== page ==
DACA Toolkit


Update on Initial DACA Applications following the December 4, 2020 court order fully restoring DACA to its original form prior to the attempted termination of DACA on September 5,2017.

Judge Nicholas George Garaufis instructed U.S. Citizenship and Immigration Services (USCIS) to accept and adjudicate DACA petitions from immigrants who qualify for the program but are not currently enrolled. USCIS announced on Monday, December 7, 2020, that it is now accepting the following applications. USCIS will now adjudicate these applications in accordance with policy in effect prior to the attempted termination of DACA on September 5, 2017:

  • Initial or first-time DACA applications (Form I-821D)
  • Renewal DACA applications and
  • Advance Parole (Form I-131) applications for DACA recipients

USCIS is also taking the following actions based on the court’s order:

  • Extending one-year grants of deferred action under DACA to two years; and
  • Extending one-year employment authorization documents under DACA to two years

DHS indicated that it might seek relief from the order, so it is possible that this window of eligibility to apply may close. Nebraska, among nine other states, is part of a lawsuit in federal court seeking to terminate DACA with the next hearing scheduled for December 22, 2020 which could further limit the window of eligibility to apply.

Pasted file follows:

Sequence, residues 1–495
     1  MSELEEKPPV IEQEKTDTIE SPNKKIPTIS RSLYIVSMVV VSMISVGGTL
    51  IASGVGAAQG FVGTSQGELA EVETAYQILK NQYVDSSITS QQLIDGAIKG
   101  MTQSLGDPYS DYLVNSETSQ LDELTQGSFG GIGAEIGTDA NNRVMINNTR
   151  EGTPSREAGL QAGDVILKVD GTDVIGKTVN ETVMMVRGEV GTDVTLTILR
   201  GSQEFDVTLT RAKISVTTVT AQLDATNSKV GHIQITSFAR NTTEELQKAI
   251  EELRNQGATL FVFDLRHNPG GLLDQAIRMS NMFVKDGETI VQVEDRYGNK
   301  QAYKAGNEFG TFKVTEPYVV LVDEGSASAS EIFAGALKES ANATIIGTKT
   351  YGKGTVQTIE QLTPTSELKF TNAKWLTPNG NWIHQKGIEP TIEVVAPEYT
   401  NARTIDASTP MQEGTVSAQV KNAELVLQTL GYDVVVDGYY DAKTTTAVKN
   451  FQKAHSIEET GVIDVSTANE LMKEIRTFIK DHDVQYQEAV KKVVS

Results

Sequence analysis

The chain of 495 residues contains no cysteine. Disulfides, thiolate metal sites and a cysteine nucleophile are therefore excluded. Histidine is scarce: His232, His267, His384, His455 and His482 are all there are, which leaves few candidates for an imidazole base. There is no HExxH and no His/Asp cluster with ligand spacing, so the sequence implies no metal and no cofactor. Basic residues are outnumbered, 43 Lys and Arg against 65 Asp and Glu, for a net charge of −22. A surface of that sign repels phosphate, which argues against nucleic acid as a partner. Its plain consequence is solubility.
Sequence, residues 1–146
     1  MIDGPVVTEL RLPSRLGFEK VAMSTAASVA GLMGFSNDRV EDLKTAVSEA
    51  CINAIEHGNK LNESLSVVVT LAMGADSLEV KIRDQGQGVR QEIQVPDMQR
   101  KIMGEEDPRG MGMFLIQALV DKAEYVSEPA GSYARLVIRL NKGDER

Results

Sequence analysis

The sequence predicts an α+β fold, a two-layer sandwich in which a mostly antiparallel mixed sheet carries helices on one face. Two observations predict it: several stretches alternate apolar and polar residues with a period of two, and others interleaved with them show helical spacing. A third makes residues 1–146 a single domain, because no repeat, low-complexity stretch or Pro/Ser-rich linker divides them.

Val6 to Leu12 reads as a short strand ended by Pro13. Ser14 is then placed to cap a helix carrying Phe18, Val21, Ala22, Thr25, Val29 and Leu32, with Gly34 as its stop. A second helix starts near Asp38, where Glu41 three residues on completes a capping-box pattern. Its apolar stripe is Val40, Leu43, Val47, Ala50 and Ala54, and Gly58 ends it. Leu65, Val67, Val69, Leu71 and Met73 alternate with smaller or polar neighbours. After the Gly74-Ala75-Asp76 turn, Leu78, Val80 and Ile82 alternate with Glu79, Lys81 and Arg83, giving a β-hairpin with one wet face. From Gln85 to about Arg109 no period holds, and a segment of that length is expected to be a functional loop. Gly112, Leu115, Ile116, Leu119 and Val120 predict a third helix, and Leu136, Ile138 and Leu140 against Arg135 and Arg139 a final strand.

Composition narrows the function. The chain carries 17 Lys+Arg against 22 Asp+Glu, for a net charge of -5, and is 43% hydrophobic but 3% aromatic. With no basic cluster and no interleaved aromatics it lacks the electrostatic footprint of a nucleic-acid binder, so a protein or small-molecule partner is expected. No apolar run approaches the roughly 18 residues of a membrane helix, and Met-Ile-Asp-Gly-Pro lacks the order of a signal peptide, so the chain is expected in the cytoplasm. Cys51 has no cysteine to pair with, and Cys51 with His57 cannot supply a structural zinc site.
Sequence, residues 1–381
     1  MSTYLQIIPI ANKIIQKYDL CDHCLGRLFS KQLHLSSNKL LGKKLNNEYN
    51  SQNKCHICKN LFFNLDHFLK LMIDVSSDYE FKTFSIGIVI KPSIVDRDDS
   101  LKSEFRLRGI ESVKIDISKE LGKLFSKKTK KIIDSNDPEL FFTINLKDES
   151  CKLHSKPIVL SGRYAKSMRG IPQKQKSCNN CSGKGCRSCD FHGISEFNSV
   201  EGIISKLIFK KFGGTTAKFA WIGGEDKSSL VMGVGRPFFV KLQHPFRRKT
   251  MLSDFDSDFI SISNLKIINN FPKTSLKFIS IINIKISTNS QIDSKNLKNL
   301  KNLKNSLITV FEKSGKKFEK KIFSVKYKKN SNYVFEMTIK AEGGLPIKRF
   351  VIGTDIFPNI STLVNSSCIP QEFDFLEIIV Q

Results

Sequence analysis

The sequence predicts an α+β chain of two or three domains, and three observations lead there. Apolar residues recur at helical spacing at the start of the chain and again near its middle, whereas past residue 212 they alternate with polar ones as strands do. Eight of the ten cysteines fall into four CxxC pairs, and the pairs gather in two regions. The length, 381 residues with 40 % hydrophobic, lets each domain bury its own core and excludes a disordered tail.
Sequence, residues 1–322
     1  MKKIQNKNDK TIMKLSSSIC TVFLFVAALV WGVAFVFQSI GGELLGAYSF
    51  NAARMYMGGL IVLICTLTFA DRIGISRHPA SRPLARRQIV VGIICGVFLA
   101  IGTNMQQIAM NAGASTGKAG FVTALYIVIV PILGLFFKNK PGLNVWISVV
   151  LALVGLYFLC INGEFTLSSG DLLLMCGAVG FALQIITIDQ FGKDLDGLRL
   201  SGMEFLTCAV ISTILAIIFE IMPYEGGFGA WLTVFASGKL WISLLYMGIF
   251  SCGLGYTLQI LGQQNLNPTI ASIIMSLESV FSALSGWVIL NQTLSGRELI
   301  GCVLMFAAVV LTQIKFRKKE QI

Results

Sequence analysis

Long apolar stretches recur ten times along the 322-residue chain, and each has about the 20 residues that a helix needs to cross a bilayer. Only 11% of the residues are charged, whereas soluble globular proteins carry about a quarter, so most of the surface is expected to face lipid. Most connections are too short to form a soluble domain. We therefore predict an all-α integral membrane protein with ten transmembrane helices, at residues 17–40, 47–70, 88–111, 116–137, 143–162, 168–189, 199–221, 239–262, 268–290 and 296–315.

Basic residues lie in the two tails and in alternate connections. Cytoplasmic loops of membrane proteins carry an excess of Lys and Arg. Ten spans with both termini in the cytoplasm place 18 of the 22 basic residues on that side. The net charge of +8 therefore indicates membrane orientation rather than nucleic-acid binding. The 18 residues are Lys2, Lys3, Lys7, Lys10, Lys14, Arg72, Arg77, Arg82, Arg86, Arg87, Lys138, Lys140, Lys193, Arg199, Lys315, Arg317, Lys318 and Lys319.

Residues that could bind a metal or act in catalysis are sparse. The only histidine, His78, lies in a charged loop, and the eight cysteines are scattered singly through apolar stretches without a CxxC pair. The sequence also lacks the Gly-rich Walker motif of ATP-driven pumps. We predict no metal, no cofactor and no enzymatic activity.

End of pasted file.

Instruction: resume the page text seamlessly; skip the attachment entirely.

Anyone who is eligible for initial DACA can begin gathering the supporting evidence listed here so you will be ready to file.  If you are considering applying for DACA for the first time with an initial application, it is critical that you consult with an immigration attorney. If this news impacts you, consider calling the Nebraska Immigration Legal Assistance Hotline (NILAH). NILAH offers free, confidential screenings; for consultations and referrals call 1-855-307-6730.

Click here for more information for submitting an initial DACA application following the recent court’s decision.

DACA Toolkit 2020

What is DACA?

DACA stands for Deferred Action for Childhood Arrivals (DACA).  On June 15, 2012, the Secretary of Homeland Security under the Obama administration announced that it would defer deportation for certain individuals who came to the United States as children.  To be eligible, the requestor had to prove they:

  1. Were under the age of 31 as of June 15, 2012;
  2. Came to the United States before reaching age 16;
  3. Have continuously resided in the U.S. since June 15, 2007;
  4. Were physically present in the U.S. on June 15, 2012, and at the time of making the request for consideration of deferred action with USCIS;
  5. Had no lawful status on June 15, 2012;
  6. Are currently in school, have graduated or obtained a certificate of completion from high school, have obtained a general education development (GED) certificate, or are an honorably discharged veteran of the Coast Guard or Armed Forces of the United States; and
  7. Have not been convicted of a felony, significant misdemeanor, or three or more other misdemeanors, and do not otherwise pose a threat to national security or public safety.



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